Russia and Finland focus on security
Russia is urging an investigation into reports claiming that OSCE monitors knew about Georgia's increased military activity, but failed to warn of it prior to the conflict in South Ossetia. Sergey Lavrov says the issue will be brought to the attention of the group's main decision-making body, the Permanent Council in Vienna.
The ministers agreed that despite the OSCE's positive influence on regulating the Caucasus conflict, its organisation should be rethought. Lavrov pointed out that the OSCE does not have the ability to stop military conflicts, which is a central problem regarding its ability to function.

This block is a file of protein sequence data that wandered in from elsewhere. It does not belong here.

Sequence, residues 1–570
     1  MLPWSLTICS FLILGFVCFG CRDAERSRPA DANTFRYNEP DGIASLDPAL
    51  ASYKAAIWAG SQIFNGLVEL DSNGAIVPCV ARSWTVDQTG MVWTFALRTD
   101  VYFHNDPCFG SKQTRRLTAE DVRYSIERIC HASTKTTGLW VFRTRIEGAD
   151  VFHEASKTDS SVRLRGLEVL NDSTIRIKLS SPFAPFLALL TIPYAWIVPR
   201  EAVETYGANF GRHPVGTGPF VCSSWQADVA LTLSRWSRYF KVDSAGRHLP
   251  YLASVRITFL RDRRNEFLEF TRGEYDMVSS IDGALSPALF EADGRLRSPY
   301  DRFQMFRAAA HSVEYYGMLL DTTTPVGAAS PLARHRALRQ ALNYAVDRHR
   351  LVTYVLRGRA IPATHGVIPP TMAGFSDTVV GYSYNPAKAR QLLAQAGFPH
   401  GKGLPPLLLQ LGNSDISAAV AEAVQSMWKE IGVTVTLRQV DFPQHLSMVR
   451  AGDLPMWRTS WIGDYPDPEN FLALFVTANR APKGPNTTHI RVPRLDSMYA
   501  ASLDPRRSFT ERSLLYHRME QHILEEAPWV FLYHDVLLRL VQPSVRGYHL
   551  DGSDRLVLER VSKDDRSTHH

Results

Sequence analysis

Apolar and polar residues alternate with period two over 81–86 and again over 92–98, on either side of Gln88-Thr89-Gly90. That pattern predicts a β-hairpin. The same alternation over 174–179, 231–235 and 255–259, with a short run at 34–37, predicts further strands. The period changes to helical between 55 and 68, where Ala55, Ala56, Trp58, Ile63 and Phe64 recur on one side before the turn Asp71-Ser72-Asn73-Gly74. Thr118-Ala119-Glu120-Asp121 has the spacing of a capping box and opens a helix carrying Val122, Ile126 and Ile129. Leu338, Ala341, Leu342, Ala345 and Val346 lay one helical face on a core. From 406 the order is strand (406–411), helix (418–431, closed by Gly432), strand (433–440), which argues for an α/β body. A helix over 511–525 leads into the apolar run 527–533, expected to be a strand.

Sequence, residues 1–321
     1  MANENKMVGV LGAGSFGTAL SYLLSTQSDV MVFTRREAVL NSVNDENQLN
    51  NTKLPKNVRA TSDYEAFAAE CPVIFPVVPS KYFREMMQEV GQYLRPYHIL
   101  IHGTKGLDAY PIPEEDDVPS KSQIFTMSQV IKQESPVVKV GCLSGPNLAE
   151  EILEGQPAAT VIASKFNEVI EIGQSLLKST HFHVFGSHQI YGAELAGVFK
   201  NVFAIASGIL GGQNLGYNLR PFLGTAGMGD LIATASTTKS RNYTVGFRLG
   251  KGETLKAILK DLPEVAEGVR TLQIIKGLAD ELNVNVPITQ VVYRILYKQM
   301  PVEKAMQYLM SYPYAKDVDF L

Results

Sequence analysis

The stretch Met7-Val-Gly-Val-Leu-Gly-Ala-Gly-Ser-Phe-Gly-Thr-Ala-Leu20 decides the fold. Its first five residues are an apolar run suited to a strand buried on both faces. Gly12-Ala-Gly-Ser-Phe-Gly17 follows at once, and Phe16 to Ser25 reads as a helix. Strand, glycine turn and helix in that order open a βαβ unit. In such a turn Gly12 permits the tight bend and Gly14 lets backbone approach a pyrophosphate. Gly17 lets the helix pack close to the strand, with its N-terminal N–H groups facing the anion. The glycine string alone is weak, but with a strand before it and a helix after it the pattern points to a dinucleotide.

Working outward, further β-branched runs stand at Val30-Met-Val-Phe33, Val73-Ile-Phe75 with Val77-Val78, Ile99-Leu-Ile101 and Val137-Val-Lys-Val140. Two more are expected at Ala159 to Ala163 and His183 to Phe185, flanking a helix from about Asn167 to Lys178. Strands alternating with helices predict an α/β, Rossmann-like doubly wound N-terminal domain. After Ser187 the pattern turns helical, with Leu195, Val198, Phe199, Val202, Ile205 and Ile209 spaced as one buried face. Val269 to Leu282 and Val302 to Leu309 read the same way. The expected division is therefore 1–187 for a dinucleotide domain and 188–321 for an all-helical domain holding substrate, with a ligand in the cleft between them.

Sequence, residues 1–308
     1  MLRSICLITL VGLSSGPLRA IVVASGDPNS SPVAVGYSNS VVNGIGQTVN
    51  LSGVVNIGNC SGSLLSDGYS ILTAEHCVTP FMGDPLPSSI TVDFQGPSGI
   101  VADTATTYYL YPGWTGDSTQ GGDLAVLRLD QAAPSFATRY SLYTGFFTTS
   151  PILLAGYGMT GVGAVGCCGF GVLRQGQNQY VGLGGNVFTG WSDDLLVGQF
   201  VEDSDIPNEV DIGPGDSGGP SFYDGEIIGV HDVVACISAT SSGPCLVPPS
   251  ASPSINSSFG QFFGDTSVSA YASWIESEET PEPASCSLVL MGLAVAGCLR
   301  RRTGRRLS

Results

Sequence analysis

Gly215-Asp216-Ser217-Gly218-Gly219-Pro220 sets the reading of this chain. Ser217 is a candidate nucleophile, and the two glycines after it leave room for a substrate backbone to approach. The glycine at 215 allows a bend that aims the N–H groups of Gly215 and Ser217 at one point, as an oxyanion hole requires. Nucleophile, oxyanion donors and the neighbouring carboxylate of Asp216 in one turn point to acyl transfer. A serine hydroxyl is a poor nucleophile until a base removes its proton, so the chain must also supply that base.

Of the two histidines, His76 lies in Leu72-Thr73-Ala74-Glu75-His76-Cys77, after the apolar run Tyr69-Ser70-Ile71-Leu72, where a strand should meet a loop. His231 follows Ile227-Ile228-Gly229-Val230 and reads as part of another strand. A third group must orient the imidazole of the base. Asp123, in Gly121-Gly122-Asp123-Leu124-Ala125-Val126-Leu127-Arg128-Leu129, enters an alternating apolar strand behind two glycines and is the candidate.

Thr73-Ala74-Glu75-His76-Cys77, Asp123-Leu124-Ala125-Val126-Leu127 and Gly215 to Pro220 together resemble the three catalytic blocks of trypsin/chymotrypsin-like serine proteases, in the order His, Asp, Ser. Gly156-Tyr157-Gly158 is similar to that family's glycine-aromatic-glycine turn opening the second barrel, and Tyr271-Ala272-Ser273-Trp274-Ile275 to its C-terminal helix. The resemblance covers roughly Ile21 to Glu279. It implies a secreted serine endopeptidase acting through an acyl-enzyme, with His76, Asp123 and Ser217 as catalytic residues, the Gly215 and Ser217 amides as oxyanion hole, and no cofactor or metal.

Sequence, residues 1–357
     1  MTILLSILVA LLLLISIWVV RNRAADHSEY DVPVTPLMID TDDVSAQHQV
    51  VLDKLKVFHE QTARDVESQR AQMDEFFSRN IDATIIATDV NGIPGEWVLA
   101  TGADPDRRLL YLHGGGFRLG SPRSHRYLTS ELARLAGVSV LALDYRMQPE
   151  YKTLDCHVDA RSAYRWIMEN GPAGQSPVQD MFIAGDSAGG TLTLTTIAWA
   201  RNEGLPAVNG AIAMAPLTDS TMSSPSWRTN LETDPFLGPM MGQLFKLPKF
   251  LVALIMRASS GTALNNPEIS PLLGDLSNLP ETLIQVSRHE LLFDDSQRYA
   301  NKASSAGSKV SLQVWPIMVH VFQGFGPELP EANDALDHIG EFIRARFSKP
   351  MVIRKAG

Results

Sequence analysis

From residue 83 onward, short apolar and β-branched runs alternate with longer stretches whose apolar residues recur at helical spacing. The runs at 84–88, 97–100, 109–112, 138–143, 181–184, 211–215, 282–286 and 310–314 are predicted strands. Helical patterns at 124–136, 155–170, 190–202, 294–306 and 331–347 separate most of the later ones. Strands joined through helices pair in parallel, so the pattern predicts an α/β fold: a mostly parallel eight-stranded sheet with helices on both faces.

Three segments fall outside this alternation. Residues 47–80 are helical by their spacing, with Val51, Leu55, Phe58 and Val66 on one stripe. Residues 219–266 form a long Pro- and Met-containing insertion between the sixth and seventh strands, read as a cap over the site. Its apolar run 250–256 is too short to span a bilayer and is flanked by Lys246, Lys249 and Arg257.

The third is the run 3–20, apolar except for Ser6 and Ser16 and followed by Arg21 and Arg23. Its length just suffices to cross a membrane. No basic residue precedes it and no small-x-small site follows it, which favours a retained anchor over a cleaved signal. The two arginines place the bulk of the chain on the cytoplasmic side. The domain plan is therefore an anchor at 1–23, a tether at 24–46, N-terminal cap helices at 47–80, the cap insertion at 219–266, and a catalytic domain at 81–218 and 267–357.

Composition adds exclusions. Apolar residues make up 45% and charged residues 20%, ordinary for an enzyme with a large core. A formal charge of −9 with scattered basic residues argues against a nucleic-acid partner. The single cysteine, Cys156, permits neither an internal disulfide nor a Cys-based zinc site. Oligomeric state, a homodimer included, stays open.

As far as the issue of general security and stability in the Euro-Atlantic region is concerned, Lavrov pointed out that options suitable to everyone should be sought.
“A security system that does not infringe anyone's interests should be developed in Europe. We have time to consider the real – not fictional – threats to Europe and make decisions in co-operation, not unilaterally,” Lavrov said.
Stubb, on his part, said he expects that many of the EU's member states will take into account President Medvedev's ideas regarding the issue when meeting in Helsinki in December.
“We need to re-think what European security looks like,” he said.
Stubb was also optimistic about the strengthening of the Russia-EU partnership. According to the foreign minister, economic co-operation and inter-dependency between Russia and the EU is highly beneficial for both parties.
“The more of it, the better off we are,” he said.